Prolonged survival with the early use of a novel extracorporeal photopheresis regimen in patients with Sézary Syndrome

Crystal Gao, Christopher McCormack, Carrie van der Weyden, Michelle S. Goh, Belinda Campbell, Robert Twigger, Odette Buelens, Simon J. Harrison, Christine Khoo, Stephen Lade and H. Miles Prince

Key Points

  • Use of extracorporeal photopheresis prolongs survival and disease control in patients with Sézary Syndrome/erythrodermic mycosis fungoides

  • Extracorporeal photopheresis should be commenced as early as possible in the treatment paradigm for MF/SS, ideally at treatment lines 1-3


Extracorporeal photopheresis (ECP) has demonstrated therapeutic benefit in patients with Sézary Syndrome (SS) and erythrodermic mycosis fungoides (MF). To examine the efficacy of ECP in the modern era of novel therapies, we conducted a retrospective analysis of 65 patients with a diagnosis of SS or erythrodermic MF with blood involvement who were treated with ECP at our institute. Overall survival (OS) and time-to-next-treatment (TTNT) were used as the study endpoints to determine patient outcome. The median follow-up from diagnosis was 48 months (range 1-225 months), with a median predicted OS of 120 months. The majority (88%) of patients commenced ECP at treatment lines 1-3, either as a monotherapy or in conjunction with other systemic agents. The use of ECP monotherapy resulted in a significantly longer TTNT when compared to: interferon alpha (p = 0.0067), histone deacetylase inhibitors (p = 0.0003), novel immunotherapy agents (p = 0.028), low dose methotrexate (p < 0.0001), and chemotherapy (p < 0.0001). In particular, early commencement of ECP at treatment lines 1-3 yielded a TTNT of 47 months. The results of our study support the utilization of ECP for SS/erythrodermic MF, and we recommend that ECP should be considered as early as possible in the treatment paradigm for these patients.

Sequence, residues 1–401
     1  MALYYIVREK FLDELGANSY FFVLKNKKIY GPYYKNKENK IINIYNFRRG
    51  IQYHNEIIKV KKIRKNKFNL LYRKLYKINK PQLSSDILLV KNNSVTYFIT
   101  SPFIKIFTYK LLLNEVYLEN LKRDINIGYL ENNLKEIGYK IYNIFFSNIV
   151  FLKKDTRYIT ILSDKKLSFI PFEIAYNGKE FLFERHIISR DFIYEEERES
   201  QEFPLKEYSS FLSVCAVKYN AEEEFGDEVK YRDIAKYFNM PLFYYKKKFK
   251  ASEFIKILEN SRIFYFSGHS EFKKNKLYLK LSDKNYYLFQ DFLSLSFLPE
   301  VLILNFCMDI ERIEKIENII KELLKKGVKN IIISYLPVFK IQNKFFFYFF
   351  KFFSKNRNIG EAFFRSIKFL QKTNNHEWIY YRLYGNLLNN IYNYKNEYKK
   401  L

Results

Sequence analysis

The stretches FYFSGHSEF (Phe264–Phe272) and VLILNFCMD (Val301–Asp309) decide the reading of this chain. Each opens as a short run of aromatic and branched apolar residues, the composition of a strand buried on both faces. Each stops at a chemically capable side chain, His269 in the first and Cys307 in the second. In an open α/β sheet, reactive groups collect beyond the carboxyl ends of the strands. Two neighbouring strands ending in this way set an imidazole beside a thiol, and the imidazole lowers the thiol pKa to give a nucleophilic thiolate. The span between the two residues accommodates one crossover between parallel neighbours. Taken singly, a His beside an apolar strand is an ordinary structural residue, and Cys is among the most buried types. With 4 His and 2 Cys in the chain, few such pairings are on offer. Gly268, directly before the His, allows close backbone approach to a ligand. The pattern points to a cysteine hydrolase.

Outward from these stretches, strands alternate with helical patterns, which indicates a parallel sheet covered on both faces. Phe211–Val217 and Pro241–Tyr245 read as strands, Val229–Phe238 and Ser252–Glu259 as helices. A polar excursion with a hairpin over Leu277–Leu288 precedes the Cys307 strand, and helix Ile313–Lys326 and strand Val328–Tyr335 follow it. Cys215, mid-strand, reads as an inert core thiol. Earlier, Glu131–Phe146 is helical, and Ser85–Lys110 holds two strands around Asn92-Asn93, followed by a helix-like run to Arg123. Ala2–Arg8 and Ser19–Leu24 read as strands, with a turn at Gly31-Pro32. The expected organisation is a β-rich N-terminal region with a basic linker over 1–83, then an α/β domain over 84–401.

• Submitted March 25, 2019.
  • Revision received August 28, 2019.
  • Accepted July 30, 2019.